The Living Room

Everything in the Living Room, or "Parlor," was donated by local people, as were all the items in the museum.


The dollhouse represents Victorian life in Gouverneur at the turn of the last century. It was donated by Museum Board Member, Marilyn Scozzafava.


You'll see a photo of Edward John Noble on the wall. His business success all started with LifeSaver candies. You could hardly miss the giant pack of Pep-O-Mint LifeSavers displayed in the Gouverneur Village Park.


Nelson Winters, one of the earliest Curators of the museum, has an honored place in the living room. Also featured is an original Sudds Parlor Organ and hanging above it, an authentic Victorian "Hair Wreath."

"E.J. Noble was working for an advertising agency in New York City in 1913, when he purchased a candy company for $2,900.00." (Watertown Daily Times, 7/2/1980)

 

The candy's original cardboard rolls let the candy get soggy, so Mr. Noble had the idea to use tin-foil wrappers to keep the mints fresh. Pep-O-Mint was the first Life Savers® flavor. E.J. Noble was a master salesman. He recruited youngsters all over the country to sell the candy on commission. It made LifeSavers® a household name.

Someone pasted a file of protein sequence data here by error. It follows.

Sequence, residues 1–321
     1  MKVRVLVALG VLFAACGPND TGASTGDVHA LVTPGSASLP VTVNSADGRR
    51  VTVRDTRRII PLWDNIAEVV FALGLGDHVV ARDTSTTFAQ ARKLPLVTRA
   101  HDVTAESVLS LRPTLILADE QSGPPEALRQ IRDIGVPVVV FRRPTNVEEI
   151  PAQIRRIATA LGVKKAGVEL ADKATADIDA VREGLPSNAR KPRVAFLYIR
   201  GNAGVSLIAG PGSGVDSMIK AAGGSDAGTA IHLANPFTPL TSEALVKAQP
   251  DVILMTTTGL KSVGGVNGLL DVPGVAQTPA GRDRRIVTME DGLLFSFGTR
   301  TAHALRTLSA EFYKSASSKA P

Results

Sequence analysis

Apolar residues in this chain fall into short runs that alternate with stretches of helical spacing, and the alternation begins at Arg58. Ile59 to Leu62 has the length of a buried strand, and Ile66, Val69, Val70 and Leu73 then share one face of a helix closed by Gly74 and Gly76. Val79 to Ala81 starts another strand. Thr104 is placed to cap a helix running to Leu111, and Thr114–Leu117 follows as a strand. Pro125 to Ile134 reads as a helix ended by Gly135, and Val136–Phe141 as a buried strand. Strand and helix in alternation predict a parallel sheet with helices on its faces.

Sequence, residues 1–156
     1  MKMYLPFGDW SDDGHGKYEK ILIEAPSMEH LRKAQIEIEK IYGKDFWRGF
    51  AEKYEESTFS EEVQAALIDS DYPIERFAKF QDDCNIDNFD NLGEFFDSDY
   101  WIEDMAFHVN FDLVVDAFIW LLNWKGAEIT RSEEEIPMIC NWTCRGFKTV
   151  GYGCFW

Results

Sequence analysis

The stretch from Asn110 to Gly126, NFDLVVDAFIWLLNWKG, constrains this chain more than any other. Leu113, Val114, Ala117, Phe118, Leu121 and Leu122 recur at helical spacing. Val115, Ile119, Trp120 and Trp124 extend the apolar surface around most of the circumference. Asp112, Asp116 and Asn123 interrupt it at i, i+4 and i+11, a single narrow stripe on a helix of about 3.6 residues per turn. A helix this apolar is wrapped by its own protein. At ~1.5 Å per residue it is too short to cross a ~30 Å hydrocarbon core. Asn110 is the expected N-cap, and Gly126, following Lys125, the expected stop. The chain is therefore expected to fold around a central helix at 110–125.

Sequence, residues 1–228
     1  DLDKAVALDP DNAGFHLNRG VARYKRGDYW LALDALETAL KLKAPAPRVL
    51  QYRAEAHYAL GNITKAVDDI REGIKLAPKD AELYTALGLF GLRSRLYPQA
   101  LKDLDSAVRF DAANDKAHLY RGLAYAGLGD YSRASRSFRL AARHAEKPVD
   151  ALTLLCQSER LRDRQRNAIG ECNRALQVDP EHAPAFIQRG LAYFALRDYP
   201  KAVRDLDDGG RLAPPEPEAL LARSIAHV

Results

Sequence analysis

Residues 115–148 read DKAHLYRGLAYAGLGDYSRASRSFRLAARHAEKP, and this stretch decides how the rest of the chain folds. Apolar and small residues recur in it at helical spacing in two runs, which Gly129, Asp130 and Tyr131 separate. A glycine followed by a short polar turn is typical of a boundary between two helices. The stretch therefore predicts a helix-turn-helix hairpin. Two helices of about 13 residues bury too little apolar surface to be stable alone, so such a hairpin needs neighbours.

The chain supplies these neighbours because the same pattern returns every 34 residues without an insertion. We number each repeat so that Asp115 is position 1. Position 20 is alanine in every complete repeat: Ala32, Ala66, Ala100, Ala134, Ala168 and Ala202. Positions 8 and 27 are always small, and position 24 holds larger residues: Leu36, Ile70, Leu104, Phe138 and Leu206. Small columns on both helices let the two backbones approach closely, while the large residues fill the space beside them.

The pencil sketch, found in the corner of the Living Room, is of Nelson Winters, 1911-2004, long-time resident and former Gouverneur Historian. The Norman Rockwell sketch. The sketch is on long-term loan from the Winters family.

 

The sketch was done by Norman Rockwell, August, 1925. Nelson was 14 when Rockwell did the sketch. They were both on vacation on the St. Lawrence Rover and became friends. Norman Rockwell was about 30 and not very well known at that time.

The instrument in the parlor is an organ from the Sudd's Music Store. 

In the days before television and radio, day to day entertainment took many forms, often involving the ability to play musical instruments. There were many music teachers in North Country towns before the turn of the century. But Gouverneur had the very famous W.F. Sudds, who was a fine musician and composer. He taught music to several generations of local people and was a nationally known composer whose music is in the Library of Congress.

Hanging quietly over the Sudds Parlor Organ is something known as a "hair wreath" or "hair flowers." This hair flower wreath was made about 1850 and belonged to Emma Sheldon Easton.


This art was practiced by Victorians as a memorial for lost loved ones. The Victorians saw hair as something tangible to remember someone dear to them. Dear friends would even exchange hair, with locks of hair kept in jewelry.

Living Room Docent: Missy Tersmette